When I first met Hemal I’d almost been seduced by her ethereal beauty. That fair art had been ruined by Venet. She had suffered so much damage I caught glimpses of her true form boiling beneath the human-shaped disguise she wore for our benefit.
She’d once warned me that seeing her true form would be too much for my mind to handle. I wondered if that still held true, or if the transformation somehow protected me. I guessed it would. After all, if it didn’t then the growing rebellion from the human souls would have been crushed by now.
Her true form reminded me of the coiling mass which once protected Lazarus’s mind. No, at first glance it might have seemed similar, but upon closer inspection they stretched deeper. I followed the twists inwards …
“Hey! You can admire me later when I’m back to my usual self.”
Her words brought me back. I didn’t understand why I’d lost myself so easily. Something with my mind didn’t seem right; my usual precision had somehow slid off-kilter.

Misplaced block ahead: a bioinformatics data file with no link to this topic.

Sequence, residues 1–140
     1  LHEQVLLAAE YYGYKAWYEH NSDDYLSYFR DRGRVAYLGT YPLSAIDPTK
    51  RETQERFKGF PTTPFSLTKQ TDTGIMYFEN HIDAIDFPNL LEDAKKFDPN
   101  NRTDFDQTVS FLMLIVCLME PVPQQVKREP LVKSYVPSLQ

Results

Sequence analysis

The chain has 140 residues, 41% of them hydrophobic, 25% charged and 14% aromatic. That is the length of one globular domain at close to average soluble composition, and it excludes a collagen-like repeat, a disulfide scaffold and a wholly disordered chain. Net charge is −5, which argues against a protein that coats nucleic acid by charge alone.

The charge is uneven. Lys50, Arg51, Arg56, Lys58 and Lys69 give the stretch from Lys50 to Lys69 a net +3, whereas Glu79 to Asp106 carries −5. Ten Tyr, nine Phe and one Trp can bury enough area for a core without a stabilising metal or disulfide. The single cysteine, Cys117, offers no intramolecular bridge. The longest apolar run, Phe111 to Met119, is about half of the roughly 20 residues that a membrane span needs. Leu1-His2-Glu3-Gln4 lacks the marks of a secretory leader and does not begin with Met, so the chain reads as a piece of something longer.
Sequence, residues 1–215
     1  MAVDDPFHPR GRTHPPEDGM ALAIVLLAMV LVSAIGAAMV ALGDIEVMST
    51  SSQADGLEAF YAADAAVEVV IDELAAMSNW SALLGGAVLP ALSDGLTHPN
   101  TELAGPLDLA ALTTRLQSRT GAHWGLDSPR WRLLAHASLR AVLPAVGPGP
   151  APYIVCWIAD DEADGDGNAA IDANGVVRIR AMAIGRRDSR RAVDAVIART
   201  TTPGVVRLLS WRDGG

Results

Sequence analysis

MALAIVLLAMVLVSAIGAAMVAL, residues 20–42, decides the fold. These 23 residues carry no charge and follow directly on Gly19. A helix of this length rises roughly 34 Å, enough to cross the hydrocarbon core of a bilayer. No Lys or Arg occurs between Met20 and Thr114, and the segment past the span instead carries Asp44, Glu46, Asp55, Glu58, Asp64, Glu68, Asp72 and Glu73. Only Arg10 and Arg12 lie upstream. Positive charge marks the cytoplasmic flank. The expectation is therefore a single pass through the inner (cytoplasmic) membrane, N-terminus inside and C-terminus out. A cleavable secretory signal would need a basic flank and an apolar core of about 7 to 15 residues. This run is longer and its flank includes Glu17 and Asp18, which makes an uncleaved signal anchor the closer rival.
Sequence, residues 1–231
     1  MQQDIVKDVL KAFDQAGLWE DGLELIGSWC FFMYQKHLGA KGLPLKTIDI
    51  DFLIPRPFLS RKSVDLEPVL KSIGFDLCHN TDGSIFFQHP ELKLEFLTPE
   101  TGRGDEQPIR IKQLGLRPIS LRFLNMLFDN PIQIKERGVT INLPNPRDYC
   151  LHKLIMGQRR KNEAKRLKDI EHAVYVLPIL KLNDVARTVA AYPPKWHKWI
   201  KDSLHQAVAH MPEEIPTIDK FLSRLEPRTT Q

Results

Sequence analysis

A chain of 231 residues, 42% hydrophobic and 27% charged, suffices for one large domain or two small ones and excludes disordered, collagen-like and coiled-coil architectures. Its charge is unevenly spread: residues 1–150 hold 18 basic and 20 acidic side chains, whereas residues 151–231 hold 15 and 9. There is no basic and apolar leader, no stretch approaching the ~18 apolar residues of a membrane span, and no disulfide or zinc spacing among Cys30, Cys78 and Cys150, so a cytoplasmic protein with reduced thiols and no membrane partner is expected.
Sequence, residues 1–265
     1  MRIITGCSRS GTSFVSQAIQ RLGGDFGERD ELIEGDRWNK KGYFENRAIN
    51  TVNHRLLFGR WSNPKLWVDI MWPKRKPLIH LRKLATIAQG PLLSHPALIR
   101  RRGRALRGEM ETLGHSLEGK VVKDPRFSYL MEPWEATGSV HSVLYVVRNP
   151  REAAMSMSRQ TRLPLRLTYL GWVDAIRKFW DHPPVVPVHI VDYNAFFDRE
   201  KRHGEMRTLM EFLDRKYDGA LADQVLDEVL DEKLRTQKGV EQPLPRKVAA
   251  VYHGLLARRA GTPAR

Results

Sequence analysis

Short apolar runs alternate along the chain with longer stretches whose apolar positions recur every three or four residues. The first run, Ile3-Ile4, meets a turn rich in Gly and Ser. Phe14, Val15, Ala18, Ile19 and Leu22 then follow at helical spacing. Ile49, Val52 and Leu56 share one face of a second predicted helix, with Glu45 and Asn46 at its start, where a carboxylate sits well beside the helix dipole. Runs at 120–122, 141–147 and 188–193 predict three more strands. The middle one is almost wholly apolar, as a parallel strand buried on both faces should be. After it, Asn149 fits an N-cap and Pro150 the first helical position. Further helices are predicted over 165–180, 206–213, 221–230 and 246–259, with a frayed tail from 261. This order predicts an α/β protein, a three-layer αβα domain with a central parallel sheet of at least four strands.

I glanced again at the Friar and Hammond. They looked the same as they had back in the physical universe. Again my concentration slipped — why was I so easily distracted all of a sudden?
Another memory intruded. Something more recent.
“You said that we still had a chance to stop Lucifer and Michael’s plan. You said we needed to find the last true demon. I thought you’d hunted them all down?”
This was one of the secrets I’d learned while in my cafe beside the abyss: demons weren’t part of creation. Somehow they were invisible to God. This had frightened the angels and they’d hunted down and destroyed all of them.
Or so they’d claimed.
“That’s what we thought, but I’ve heard rumours over the centuries.” Her voice strained from the effort of talking. “Strange occurrences which might indicate one still exists.”
“How is this possible?”